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Cold Meat

There’s a time for cool waters and calm heads and there’s a time for the righteous infection of fire-forged punk. Somehow its been time for both in these past couple of weeks, but right about now the latter is feeling pretty apt. Perth scorchers Cold Meat have graduated from their early short-form firestarters to a full length that showcases their pounding, primal, elastic scratch. Built on a foundation of tire-thick rubber riffs, the band kneads and pounds the basics of punk through an emotional and musical ringer. The riffs are meaty and land with enough force to bruise heavily. The bass ricochets around the speaker space with a sinewy menace. While squarely in the mold of punk purveyors like Magazine, X-Ray Spex, or The Adverts, they borrow the alternating current corruption of post-punk terrors — finding common ground with the hot bile invective of The Au Pairs and the writhing discomfort of Pylon.

None of the garments of the past quite fit them, though, and that’s to their credit. They chafe at categorization, but Cold Meat mostly look to take a hammer to the societal mirror and do it with a wicked smile on their face in the process. Doesn’t hurt tat they’ve got the twenty megaton howl of Ashley Ramsey in their corner as well. While the music beneath her squirms in pain, Ramsey rounds up every last inch of sneered and seared animus and hurls it at the listener. I’m a sucker for a voice that packs a versatile volley of grievance, pain, disappointment, and derision and she nails the nuance every time. While I can’t say I levy Andy unsettled scores with ZZ Top and their fanbase as the band seems to, elsewhere Cold Meat seem to bring good reason and welcome harbor to their various picked bones. Its a record of its time — bred on the scraps of the past but fueled with the earned anger of a younger generation left in the cold to fend for itself.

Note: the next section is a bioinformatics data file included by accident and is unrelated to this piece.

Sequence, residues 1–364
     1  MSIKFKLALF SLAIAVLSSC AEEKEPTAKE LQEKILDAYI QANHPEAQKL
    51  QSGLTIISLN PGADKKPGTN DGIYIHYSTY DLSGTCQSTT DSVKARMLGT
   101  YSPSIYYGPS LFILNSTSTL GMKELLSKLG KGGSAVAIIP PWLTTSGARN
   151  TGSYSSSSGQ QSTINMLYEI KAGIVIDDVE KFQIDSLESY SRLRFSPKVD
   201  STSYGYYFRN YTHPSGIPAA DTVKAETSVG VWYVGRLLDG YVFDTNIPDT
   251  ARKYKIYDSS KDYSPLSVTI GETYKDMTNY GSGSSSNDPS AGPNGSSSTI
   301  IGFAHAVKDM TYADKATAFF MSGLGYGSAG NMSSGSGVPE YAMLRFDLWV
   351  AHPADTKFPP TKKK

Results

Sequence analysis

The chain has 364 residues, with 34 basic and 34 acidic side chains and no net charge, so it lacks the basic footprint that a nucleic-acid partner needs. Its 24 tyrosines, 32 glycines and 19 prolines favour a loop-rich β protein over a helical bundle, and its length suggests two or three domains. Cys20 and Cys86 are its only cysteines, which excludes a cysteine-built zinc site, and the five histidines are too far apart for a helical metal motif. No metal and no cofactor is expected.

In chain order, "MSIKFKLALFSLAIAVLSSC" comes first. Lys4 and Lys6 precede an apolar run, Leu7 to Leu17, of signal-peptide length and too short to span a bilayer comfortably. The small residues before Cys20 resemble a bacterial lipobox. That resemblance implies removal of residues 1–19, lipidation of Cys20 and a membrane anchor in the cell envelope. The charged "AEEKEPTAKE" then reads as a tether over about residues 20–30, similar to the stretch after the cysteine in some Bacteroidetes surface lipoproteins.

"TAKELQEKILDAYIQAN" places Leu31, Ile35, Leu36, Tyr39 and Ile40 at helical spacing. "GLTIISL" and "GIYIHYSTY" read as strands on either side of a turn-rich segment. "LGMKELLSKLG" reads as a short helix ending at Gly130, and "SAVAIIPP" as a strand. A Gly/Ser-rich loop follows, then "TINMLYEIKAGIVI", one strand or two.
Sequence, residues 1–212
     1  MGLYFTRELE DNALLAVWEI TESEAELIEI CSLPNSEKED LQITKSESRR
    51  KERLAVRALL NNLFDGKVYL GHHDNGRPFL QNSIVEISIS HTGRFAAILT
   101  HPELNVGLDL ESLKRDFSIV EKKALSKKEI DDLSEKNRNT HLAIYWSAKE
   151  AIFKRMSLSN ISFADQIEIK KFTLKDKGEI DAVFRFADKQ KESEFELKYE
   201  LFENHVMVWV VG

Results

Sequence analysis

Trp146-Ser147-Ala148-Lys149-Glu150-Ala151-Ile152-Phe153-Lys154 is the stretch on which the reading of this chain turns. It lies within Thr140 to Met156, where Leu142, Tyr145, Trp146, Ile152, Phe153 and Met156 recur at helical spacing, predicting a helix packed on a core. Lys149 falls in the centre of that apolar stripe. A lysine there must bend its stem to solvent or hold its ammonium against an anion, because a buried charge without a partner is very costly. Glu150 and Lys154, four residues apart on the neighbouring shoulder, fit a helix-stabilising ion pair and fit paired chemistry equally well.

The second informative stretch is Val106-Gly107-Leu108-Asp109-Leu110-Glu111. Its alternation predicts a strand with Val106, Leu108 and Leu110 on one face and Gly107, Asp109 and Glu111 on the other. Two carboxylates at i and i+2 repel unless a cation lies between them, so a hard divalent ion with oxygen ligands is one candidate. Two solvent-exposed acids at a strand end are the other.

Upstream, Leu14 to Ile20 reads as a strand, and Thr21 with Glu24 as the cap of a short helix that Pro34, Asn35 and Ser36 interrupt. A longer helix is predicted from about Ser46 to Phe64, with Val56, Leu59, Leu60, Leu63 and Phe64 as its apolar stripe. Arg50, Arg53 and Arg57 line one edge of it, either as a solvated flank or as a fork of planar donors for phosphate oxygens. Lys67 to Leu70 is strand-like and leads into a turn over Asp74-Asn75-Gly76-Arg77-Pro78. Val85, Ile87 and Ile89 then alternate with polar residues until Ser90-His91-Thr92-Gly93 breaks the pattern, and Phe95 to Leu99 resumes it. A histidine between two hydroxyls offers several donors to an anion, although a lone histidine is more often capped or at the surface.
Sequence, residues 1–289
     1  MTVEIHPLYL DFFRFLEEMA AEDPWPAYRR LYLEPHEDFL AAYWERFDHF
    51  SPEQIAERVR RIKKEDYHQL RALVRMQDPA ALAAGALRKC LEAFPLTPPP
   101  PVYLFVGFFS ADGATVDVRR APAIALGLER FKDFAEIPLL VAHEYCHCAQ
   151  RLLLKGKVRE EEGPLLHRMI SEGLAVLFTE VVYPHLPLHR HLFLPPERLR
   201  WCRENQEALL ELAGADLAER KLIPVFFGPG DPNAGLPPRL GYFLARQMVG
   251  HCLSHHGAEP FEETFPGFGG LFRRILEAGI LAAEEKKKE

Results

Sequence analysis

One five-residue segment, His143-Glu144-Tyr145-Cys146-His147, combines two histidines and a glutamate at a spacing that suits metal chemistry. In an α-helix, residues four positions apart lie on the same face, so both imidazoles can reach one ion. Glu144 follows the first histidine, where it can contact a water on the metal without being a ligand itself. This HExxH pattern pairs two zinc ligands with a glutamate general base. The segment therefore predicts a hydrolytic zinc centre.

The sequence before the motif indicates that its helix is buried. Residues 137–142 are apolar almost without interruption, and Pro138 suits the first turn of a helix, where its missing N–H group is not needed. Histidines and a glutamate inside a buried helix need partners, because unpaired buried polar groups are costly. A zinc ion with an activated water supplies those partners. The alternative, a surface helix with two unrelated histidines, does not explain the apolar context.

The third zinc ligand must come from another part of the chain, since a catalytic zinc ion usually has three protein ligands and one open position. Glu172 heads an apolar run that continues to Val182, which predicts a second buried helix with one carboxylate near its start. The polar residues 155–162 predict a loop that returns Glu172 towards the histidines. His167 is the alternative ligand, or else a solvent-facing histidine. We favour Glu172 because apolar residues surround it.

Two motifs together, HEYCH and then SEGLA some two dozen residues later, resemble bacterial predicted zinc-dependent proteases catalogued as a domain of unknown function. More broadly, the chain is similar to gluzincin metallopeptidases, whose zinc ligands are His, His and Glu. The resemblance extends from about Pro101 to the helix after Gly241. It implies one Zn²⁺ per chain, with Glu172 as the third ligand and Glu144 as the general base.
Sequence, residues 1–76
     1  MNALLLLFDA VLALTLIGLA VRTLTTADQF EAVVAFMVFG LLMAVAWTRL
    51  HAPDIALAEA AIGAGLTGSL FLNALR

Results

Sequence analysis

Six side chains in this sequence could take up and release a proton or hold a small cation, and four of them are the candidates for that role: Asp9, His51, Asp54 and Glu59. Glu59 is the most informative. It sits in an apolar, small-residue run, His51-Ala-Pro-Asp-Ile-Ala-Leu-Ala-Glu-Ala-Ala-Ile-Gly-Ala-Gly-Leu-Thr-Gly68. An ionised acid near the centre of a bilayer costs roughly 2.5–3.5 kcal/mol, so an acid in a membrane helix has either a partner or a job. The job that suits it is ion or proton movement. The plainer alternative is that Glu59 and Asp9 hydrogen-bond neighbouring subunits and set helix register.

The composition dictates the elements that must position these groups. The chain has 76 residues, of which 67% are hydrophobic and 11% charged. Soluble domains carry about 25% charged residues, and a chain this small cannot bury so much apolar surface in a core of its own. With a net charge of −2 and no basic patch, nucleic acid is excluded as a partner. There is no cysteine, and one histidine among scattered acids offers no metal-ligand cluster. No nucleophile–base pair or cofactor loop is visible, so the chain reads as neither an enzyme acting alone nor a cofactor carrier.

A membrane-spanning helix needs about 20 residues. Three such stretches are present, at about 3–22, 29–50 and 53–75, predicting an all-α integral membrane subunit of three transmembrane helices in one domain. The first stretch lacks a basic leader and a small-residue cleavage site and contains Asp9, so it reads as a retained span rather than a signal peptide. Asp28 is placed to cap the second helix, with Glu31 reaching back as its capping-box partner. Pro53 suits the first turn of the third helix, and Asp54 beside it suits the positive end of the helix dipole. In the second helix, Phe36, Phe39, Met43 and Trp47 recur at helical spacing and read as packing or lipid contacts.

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Mapache

The sophomore LP from West Coast duo Mapache doesn’t knock the wheel too far from the road they set down in 2017. While the temper (and tempo) doesn’t rise from the comfort of that first LP, the colors do deepen. From Liberty Street is rife with shades of earthen ochre and dust-kicked sandalwood. There are more than a few pale blues that stretch far and wide as the skies that tie Los Angeles to the Baja. There are deep set oranges and amber golds that bake in the sun and seep into the copper rimmed strings of their guitars. Moving against any and all prevailing winds at the moment, the record is full of an endless summer bliss — capturing the kind of lost weekend aimlessness that feels either blissfully ignorant of its own innate good fortune or imbued with the charm to talk its way into those good graces with gambler’s finesse.